Weekly OFS Newsletter

News Items Ending February 12, 2018


Mergers and Acquisitions

  • Wolf Midstream Inc., a Calgary based energy infrastructure company acquired MEG Energy Corp.’s (TSX:MEG) 50% ownership interest in Access Pipeline and 100% ownership interest in the Stonefell Terminal. The acquisitions will cost Wolf Midstream $1.52 billion plus additional capital commitments of approximately $90 million. The transaction will be funded by Wolf Midstream through a $800 million investment by Canada Pension Plan Investment Board (CPPIB) and third-party debt financing.
  • Cenovus Energy Inc. (TSX:CVE) is seeking to divest its some light oil properties and oil sands properties in Alberta. The light oil properties up for sale include a 100% working interest in 25,728 ha at Puskwa and a 100% working interest in 4,907 ha at Simonette. The oil sand properties for sale include up to 57,536 ha of land with oil sands rights at the Panny, Godin, Peace River, Portage/Duncan and Craigend areas.
  • Suncor Energy Inc. (TSX:SU) announced the $920 million acquisition of an additional 5% interest in the Syncrude joint venture from Mocal Energy. The acquisition adds 17,5000 bbls/d of light sweet synthetic crude capacity to Suncor’s portfolio, and increases Suncor’s share in the joint venture from 53.75% to 58.74%. The acquisition is expected to close in the first quarter of 2018.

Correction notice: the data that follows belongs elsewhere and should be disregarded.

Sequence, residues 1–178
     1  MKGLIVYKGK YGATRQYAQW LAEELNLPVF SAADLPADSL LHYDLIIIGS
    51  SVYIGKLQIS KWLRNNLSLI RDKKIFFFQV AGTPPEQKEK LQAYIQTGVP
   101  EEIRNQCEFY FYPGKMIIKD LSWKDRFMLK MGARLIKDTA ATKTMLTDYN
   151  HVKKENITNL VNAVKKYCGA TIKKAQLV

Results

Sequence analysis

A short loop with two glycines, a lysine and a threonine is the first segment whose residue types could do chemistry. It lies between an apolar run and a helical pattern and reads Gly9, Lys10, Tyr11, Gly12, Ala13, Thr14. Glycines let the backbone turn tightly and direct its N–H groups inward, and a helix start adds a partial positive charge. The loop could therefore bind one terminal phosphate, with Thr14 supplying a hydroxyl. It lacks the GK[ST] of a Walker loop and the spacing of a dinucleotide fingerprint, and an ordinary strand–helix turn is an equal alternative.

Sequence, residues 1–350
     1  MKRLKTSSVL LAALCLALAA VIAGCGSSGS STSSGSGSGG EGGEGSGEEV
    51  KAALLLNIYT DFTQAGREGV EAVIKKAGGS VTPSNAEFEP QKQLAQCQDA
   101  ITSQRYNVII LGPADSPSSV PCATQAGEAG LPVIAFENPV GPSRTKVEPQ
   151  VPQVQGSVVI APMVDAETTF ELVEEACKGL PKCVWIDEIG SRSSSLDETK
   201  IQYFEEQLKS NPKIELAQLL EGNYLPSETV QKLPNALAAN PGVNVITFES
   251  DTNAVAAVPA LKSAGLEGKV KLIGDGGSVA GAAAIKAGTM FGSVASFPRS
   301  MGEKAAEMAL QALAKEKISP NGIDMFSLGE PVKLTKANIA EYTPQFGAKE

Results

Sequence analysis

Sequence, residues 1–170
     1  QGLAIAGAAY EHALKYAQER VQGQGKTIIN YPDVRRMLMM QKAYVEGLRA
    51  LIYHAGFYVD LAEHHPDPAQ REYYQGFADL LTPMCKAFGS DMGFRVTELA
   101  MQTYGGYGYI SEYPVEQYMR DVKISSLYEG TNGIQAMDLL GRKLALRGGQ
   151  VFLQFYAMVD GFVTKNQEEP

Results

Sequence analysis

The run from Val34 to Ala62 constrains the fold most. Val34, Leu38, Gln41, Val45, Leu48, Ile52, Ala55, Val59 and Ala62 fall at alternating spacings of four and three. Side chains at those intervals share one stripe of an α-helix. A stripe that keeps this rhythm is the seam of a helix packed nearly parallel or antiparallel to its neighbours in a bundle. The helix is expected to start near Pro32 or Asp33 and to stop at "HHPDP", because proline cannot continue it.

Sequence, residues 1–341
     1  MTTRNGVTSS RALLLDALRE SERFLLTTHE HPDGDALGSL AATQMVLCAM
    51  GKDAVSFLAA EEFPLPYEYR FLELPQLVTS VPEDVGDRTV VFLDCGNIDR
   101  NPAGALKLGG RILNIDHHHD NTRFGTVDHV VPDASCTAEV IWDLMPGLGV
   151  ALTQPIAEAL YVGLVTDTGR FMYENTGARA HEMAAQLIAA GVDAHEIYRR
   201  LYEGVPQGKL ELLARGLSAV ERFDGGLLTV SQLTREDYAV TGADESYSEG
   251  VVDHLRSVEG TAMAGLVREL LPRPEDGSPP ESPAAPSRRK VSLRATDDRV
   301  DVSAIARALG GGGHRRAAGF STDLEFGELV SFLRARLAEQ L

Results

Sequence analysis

• Halliburton Co. (NYSE:HAL) is waging an aggressive campaign to challenge Schlumberger’s (NYSE:SLB) fracking related patents, claiming that Schlumberger’s patents “are not inventions but old ideas repackaged”. Among the patents being challenged are those covering the use of fiber optic tools to monitor interior well conditions, sensors to collect temperature readings across a broader area and ways to more precisely control where fracking fluid goes. Concurrently, Halliburton is pursuing more patents itself and was awarded 35% more patents in 2017 compared to 2016.
  • Canada’s federal Environment Minister Catherine McKenna unveiled changes to the National Energy Board (NEB) and the way energy projects will be reviewed. The government is introducing legislation to replace the NEB with the Canadian Energy Regulator (CER), which would conduct more defined reviews with shorter timelines (300 days) for projects not subject to the new Impact Assessment Act. All impact assessments for major projects will be led by a new single agency, the Impact Assessment Agency of Canada (IAAC), with legislated maximum timelines for the process of two years.